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Walter Schloss

is considered one of the investment greats, a value investor in the same league as the Oracle of Omaha, Warren Buffet. Like Buffett, Walter Schloss was also trained under the legendary Benjamin Graham. For a brief while in the 1950s, Schloss and Buffet even shared the same office.

For sheer uninterrupted performance record, few investors can match Walter Schloss. For 45 years from 1955 to 2000, he managed the investment partnership, Walter J. Schloss Associates and delivered an astounding compound annual return of more than 15 per cent per year compared to a gain of S&P 500 of just over 10 per cent.

And this is what Buffet had to say about Walter Schloss: "He knows how to identify securities that sell at considerably less than their value to a private owner: And that's all he does. He owns many more stocks that I do and is far less interested in the underlying nature of the business; I don't seem to have very much influence on Walter. That is one of his strengths; no one has much influence on him."

"One of the things we've done is hold over a hundred companies in our portfolio. Now Warren (Buffet) has said to me that, that is a defence against stupidity. And my argument was, and I made it to Warren, we can't project the earnings of these companies, they are secondary companies, but somewhere along the line some of them will work. Now I cannot tell you which ones, so I buy a hundred of them. Of course, it does not mean you own the same amount of each stock."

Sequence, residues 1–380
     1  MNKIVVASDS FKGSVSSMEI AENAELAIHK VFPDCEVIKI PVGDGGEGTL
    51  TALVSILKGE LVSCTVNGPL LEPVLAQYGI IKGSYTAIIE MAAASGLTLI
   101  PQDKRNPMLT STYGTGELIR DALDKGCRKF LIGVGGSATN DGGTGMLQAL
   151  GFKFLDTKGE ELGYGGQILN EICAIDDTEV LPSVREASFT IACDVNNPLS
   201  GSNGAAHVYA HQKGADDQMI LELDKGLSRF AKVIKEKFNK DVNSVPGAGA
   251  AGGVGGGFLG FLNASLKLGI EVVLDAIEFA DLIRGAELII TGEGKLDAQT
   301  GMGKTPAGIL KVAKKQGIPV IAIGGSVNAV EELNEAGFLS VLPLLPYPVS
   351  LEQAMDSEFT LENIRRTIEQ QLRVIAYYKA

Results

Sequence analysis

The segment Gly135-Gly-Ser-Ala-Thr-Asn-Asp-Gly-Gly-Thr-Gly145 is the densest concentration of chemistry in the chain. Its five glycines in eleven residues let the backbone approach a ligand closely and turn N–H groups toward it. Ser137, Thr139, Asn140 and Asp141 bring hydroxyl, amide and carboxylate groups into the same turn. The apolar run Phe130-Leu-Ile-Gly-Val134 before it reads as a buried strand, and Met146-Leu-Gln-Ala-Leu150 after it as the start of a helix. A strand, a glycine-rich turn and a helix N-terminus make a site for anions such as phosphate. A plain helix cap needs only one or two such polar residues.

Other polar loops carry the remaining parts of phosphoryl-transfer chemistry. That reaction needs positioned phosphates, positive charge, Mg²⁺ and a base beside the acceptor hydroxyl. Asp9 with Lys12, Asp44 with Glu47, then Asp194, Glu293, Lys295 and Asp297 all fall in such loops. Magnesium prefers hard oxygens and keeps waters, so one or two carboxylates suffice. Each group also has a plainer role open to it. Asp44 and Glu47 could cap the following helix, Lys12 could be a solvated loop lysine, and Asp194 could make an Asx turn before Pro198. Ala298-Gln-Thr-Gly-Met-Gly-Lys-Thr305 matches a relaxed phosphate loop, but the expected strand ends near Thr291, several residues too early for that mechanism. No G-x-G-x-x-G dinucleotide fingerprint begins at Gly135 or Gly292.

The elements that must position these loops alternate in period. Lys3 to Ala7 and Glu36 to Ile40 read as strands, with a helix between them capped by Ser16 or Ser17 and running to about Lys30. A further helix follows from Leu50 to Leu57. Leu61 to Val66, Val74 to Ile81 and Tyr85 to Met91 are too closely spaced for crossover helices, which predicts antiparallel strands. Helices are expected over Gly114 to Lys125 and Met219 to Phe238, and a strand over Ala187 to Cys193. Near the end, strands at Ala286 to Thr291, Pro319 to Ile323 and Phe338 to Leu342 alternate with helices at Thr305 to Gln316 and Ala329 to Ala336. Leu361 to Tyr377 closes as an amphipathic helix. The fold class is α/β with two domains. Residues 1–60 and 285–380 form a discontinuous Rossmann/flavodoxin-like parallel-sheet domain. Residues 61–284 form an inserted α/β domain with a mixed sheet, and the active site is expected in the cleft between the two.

"I'm not very good at judging people. So I found that it was much better to look at figures rather than people. I didn't go to many meetings unless they were relatively nearby. I like the idea of company-paid dividends, because I think it makes management a little more aware of stockholders, but we did not really talk about it, because we were small. I think if you were big, if you were a Fidelity, you wanted to go out and talk to management. They would listen to you. I think it is really easy to use numbers when you're small."

"Timidity prompted by past failures causes investors to miss the most important bull markets."

"We did not get involved in many companies that turned crooked. I know there were a few people that had poor reputations and their stocks were low, and when we did buy some of those we were sorry afterwards because they figured out a way of taking advantage of you, and you were always worried that they'd do something that didn't like."

"When companies have problems they often like to have their annual meetings in cities and states where there are not too many stockholders."

(This article was published in the Business Line print edition dated January 14, 2007)
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